Songwriter’s voice lifts music
By Geoffrey Himes
Friday, January 4, 2013
Ari Hest is one of the rare singer-songwriters who’s a better singer than songwriter. On his new album, “The Fire Plays,” the Bronx-born performer displays a handsome baritone capable of sounding raspy and full-bodied at the same time.
Gerry Leonard -- the longtime guitarist for Rufus Wainwright, Duncan Sheik and Suzanne Vega -- produces the album, and he frames Hest’s appealing voice with chamber-jazz arrangements of guitars, keyboards, horns and strings to create a feeling of sophisticated, late-night reverie.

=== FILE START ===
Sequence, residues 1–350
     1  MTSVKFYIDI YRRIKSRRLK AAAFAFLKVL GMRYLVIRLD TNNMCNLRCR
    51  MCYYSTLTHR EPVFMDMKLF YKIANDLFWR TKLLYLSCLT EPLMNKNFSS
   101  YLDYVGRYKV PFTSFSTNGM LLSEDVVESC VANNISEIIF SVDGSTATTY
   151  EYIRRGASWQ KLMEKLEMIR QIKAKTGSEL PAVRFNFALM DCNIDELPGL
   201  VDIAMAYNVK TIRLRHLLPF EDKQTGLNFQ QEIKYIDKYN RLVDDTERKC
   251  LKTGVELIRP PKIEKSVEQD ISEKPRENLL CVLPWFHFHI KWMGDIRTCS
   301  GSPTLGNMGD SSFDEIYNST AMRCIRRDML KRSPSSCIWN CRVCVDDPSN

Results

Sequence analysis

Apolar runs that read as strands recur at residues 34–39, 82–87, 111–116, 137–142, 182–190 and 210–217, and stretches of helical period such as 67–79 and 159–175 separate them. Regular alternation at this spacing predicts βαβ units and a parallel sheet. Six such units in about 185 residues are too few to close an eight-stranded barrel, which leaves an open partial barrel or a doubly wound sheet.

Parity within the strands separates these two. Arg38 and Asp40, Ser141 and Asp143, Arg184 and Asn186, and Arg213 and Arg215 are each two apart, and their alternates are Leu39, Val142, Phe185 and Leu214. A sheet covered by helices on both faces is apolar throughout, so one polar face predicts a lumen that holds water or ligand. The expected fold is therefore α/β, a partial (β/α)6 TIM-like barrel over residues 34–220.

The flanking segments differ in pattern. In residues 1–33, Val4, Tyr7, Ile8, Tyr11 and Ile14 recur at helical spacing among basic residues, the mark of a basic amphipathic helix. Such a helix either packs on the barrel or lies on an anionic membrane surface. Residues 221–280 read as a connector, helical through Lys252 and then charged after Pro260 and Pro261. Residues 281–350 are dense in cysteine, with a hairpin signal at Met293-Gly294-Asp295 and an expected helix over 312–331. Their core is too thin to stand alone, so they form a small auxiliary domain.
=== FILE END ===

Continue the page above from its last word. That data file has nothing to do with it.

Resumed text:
Hest’s lyrics aren’t bad. The fragmentary phrases he favors are vague if evocative, but the payoffs to the verbal hints are delivered not by a hook phrase but by the sound of Hest’s voice.
On the title track, for example, the lyrics suggest a man and a woman on the run from unspecified problems. What is specific is the world-weary stoicism in the singing as it contrasts with the sumptuous piano chords.
Similarly, the identity crisis alluded to on “Last So Long” is resolved not by the lyrics, but by the confidence with which the album’s best melody is delivered over a pealing guitar.